The Unusual Bearded Pig of Borneo

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What is the most important animal or plant species on Borneo? Depending on whom you ask, you will surely get very different answers. The timber towkay would say Borneo’s giant hardwood trees are the most important, because one tree alone could buy you a house. The oil palm grower would reply the oil palm tree. People in Australia or Europe may reply “the orangutan”, because it is highly threatened and many worry about its survival.

But ask a native Iban or Kenyah person, and their most likely reply would be the wild pig. There is only one species of wild pig on Borneo, called the bearded pig because of its prominent beard. They grow to 100kg, large individuals reaching six feet in length with long curving tusks. The bearded pig occurs only on Borneo, southern Sumatra and south-eastern peninsular Malaysia.

Interestingly, the bearded pig does something few other rainforest species do: they migrate over long distances. Just like the great herds of zebra in Africa, every few years, bearded pig populations erupt and move across Borneo’s jungles in their thousands - one of Borneo’s most spectacular natural phenomenon. One such migration, recorded in 1935, was described as follows: ‘For five or six weeks, at points sixty to a hundred miles apart, moves a steady stream of wild pigs, a few solitary, some family parties of seven or eight, many packs from fifteen to thirty or forty, occasionally convoys estimated at two hundred. Whence came the pigs, and where they go, no one knows.’

Depending on religion, pigs can be rather gross, or totally wonderful. Certainly, non-muslim communities on Borneo have always relied heavily on pigs for meat and other products. A study in one remote village in Indonesian Borneo recorded 707 pigs hunted over a period of 21 months. Another study showed that one village caught 429 pigs in one year, about 81% of the total weight of all animals they hunted. That’s about 30 tons of pork!

For many millions of people on Borneo, for many hundreds of years, the bearded pig has been the most important source of meat. This may be changing. Based on information from interviews across Borneo, pig populations in forests seem to be declining. The big spectacular migrations seem to have disappeared entirely in some parts of Borneo. It is believed that today, most bearded pig populations are small and sedentary, meaning they stay in one place.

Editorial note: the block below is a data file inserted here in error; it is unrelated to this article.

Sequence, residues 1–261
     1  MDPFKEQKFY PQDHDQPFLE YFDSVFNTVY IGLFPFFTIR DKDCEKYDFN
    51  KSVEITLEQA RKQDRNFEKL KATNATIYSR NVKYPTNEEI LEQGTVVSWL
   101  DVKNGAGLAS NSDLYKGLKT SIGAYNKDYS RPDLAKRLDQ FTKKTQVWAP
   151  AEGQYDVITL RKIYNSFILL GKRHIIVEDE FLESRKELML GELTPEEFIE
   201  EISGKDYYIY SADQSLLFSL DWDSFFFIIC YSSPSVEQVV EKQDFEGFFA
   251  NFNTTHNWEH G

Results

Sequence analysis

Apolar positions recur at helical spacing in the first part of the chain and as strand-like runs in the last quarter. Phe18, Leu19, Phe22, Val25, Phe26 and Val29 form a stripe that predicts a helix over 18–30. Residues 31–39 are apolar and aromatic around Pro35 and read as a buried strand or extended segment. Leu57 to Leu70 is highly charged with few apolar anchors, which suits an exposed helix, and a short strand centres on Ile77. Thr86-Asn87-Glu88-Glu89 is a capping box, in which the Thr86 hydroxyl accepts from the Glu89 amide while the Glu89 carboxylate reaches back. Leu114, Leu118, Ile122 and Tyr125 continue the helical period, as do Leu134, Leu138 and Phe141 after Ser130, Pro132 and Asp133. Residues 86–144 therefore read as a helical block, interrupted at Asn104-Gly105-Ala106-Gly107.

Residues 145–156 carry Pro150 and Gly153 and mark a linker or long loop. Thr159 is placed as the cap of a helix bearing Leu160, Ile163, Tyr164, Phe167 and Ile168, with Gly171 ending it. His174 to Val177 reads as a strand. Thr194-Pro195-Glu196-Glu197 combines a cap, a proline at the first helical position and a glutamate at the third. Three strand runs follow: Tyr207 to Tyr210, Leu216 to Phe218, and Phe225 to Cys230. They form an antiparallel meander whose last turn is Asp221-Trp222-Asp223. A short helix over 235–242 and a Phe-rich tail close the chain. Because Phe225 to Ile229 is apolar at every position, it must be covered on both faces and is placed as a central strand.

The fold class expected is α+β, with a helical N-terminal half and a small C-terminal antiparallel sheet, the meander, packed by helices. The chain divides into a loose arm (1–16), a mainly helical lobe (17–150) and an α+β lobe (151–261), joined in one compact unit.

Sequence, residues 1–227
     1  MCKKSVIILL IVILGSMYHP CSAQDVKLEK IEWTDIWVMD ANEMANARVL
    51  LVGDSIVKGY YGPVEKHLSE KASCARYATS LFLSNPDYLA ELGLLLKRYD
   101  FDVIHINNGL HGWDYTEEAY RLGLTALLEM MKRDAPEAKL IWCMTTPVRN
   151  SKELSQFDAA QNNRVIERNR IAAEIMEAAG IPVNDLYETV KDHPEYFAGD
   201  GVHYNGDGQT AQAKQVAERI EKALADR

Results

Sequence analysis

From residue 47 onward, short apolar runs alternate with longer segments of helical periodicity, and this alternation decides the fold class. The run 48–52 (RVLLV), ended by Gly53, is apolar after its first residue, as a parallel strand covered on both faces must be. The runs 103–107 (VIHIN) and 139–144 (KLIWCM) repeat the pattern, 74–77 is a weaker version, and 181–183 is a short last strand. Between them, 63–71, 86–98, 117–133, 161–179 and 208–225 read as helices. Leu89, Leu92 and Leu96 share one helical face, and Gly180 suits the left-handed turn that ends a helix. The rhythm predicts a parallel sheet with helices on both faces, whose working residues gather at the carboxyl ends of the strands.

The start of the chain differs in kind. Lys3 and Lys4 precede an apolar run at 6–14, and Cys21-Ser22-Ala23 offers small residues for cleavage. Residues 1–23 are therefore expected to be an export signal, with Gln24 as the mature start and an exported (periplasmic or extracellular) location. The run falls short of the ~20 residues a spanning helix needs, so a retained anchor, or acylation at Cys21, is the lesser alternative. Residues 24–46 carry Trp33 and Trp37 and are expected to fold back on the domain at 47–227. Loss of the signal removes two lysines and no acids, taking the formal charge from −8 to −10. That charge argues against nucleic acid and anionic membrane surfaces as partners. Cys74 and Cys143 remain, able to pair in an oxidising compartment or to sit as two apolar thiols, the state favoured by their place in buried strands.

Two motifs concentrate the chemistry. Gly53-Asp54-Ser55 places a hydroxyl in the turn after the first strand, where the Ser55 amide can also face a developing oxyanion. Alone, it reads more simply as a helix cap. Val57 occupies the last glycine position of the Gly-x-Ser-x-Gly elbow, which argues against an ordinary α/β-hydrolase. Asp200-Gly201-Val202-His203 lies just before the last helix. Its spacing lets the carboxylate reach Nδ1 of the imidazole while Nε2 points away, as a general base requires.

We don’t know what causes these population declines. Bearded pigs feed heavily on seeds of dipterocarp trees, the same trees sought after by the timber companies. With many such trees now gone, pigs may have fewer resources to feed on. Also, hunting pressure is, and has always been, high.

Declining pig populations are a worry for many people. If an estimated 4,000 pre-dominantly non-muslim villages on Borneo catch on average 300 pigs per year at 50 kg of meat per pig, and at a market price of between 10 and 20 Ringgit per kg, that would be between 600 million and 1.2 billion Ringgit per year of free meat. If that meat is no longer available, people would need to buy other meat in markets, with cash. In poor rural societies though, availability of cash is often limited. Declining pig populations could therefore have real impacts on people’s nutrition and health.

Many local people are very aware of the importance of pigs in their lives. It is a fact that it is much easier to talk to people about pigs than about orangutans. Try having a conversation in a longhouse about orangutans, and you will send them to sleep, or the subject will change within a few minutes. Start talking about pigs, and three days later they will still be telling new stories.

The bearded pig is what is called a cultural keystone species. They play a crucial role in many people’s lives.

As we forge ahead into the 21st century, with a view to a Borneo that has all its cultural attributes intact and thriving, the bearded pig cannot be ignored. We need to better understand this wonderful species, in order to continue benefiting from its presence. We need to conduct scientific research on it. We also need to begin managing pig populations. There are many ways we can manage wild animals like pigs, such as designated hunting periods and areas, and setting up areas where no hunting is allowed.

Unless, we think that local communities could develop and implement these hunting controls themselves, such solutions require buy-in and policy assistance from government. Unfortunately, however, governments on Borneo have generally not paid much attention to pigs, perhaps because of religious reasons? Regardless, action is needed to ensure that Borneo’s bearded pig is here to stay for the benefit of Borneo’s people.

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